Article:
Dealing with the aftermath of a death in the family is a long and arduous process. Many kind people are helping me to sort through the contents of my late mother’s house, yet there are many aspects of the task which I must deal with myself rather than delegate. It feels overwhelming at times, and brings up an uncomfortable mix of emotions.
Having been brought up in frugal wartime Britain, my mother seldom threw anything away. When she came to live in New Zealand she brought a container load of possessions. Some of the household items – furniture, bedlinen, crockery and cutlery, ornaments – belonged to my grandparents. She also brought large supplies of clothing, numerous boxes of papers mostly relating to her former academic career, and her precious library of books. It feels heartless to be discarding things which carry so many memories both of her life and mine. But I know it is best that most of them should be given to charity, for I already have all the material goods I want or need.
Some of course ought to be kept, but which ones? It can be difficult to decide. My impatience to finish the job, and be free to get on with more enjoyable projects of my own, is combined with the fear of carelessly disposing too soon of items that are important or valuable or “might come in”.
It is interesting to look through the old family photos, many also dating back to my grandparents’ time, but frustrating to find that most of them are unlabelled. When and where were they taken, and who are the people in them? Some are familiar, but others are obscure. It is strange to see a young woman and her child in a picture and not to know whether they were my mother and me. The letters and personal papers are also of interest, revealing certain aspects of my mother’s life which she never discussed. But I feel a certain sense of guilt about intruding on her privacy. Did she intend that I should read this material after she died, or was she just too tired and unwell to dispose of it before it was too late?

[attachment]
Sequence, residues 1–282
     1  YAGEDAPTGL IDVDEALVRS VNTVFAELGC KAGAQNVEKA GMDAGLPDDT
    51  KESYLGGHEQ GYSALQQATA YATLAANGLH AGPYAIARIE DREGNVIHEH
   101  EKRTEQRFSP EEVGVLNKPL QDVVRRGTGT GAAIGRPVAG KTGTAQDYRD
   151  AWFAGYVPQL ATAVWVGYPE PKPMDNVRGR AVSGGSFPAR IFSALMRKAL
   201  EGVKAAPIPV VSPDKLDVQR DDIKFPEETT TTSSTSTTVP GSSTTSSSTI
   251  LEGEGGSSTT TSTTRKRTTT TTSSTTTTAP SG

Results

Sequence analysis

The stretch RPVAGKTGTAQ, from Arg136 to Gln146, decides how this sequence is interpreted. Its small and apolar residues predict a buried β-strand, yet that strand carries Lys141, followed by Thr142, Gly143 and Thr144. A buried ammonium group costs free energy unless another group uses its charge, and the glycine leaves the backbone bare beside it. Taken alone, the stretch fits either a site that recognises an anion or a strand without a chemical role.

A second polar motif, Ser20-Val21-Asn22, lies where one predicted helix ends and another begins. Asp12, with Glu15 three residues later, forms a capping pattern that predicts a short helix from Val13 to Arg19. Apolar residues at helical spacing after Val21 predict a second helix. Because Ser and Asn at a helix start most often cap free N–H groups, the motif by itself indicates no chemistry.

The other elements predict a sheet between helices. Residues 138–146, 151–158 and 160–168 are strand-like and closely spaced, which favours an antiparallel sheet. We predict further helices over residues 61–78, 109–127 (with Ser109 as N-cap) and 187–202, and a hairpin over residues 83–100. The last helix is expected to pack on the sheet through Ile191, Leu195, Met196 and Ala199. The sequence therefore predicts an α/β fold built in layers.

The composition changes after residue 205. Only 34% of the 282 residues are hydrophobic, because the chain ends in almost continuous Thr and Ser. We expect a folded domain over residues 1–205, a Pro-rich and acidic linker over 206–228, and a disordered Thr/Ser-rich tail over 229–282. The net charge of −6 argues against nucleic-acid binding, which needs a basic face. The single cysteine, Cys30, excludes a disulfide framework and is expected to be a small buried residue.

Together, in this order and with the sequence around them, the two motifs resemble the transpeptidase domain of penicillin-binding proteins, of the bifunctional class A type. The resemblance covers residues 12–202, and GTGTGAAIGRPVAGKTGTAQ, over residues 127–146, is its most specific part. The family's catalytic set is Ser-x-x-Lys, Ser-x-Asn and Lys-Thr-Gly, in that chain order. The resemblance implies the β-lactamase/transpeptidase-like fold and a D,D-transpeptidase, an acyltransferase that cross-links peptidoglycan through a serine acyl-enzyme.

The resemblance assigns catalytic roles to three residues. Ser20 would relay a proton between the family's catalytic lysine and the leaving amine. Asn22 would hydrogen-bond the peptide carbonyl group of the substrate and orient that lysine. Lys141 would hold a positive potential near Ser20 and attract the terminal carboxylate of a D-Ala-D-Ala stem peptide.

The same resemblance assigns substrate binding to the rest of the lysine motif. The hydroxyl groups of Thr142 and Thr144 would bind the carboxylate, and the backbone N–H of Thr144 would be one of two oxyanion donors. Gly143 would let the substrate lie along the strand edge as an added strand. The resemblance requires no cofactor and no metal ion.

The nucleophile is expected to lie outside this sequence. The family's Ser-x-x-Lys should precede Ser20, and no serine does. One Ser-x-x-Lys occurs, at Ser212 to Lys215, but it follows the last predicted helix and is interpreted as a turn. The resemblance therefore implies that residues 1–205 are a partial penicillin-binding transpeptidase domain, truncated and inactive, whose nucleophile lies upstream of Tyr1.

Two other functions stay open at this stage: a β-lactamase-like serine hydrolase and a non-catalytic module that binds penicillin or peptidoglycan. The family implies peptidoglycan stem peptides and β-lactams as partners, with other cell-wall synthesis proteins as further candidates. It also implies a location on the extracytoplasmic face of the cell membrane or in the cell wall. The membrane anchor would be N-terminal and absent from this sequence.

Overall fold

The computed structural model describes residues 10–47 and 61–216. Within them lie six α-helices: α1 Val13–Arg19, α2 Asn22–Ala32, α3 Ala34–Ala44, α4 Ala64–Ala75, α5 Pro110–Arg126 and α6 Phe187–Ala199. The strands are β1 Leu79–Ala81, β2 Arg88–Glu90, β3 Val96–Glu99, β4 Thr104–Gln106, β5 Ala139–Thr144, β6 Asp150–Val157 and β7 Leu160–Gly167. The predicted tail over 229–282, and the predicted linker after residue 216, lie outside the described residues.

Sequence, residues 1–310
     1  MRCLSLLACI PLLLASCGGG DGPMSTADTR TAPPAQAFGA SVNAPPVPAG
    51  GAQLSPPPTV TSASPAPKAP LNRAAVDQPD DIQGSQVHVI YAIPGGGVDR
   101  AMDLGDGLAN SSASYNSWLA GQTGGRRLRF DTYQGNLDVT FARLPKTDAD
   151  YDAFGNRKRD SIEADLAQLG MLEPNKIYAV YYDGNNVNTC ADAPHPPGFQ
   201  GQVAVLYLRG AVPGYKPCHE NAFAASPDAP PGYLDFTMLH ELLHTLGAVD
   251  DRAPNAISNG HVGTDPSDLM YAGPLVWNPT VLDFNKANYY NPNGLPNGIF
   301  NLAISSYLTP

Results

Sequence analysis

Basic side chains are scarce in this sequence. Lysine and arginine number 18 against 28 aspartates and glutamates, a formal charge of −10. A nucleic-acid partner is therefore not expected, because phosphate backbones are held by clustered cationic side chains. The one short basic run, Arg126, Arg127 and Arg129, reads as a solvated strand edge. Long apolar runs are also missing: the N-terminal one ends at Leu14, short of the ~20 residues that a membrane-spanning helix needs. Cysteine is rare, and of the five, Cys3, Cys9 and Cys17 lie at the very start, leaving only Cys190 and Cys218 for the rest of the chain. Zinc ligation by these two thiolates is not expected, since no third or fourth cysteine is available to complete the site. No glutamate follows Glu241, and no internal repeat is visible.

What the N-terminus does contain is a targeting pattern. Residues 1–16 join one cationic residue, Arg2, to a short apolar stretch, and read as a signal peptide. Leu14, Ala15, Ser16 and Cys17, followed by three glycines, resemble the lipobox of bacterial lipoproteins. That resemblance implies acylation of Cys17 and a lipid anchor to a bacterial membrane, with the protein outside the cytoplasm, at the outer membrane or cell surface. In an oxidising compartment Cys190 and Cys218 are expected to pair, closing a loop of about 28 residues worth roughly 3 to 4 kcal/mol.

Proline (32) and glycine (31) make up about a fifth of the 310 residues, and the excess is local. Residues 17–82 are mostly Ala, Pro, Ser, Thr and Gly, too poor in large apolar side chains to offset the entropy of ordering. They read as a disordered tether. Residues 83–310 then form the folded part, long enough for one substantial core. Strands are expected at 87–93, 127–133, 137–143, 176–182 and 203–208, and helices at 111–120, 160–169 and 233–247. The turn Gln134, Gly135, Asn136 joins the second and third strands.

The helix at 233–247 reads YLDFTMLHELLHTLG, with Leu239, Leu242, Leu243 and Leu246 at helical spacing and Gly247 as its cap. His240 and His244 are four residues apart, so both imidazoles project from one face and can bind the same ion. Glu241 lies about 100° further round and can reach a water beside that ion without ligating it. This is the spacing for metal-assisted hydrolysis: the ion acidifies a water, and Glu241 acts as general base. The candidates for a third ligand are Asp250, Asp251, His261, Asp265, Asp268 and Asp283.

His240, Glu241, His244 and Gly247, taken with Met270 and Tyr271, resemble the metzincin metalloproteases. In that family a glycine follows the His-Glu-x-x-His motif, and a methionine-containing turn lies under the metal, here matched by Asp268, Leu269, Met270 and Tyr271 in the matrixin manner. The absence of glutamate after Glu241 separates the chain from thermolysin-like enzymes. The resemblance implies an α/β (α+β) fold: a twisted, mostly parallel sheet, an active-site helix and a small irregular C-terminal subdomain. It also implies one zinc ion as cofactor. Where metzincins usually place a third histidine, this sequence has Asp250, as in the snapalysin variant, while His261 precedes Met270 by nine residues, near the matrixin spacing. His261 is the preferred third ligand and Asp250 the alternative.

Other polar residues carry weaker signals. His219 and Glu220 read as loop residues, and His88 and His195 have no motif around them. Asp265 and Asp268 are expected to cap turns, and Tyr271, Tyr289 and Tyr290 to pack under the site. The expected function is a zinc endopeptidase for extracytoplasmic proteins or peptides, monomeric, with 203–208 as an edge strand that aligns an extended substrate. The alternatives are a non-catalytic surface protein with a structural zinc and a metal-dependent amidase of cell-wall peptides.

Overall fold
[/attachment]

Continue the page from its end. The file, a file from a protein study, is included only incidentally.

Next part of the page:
After I have finished closing my mother’s estate I am resolved to put my own affairs in better order – to declutter, organise and simplify. I do not want my own executors to be faced with huge piles of stuff to sort out. But this is easier said than done, and I am already making room in our already fully furnished house for some of my mother’s things, and put all her photos – still unsorted and unlabelled – out of sight in a drawer.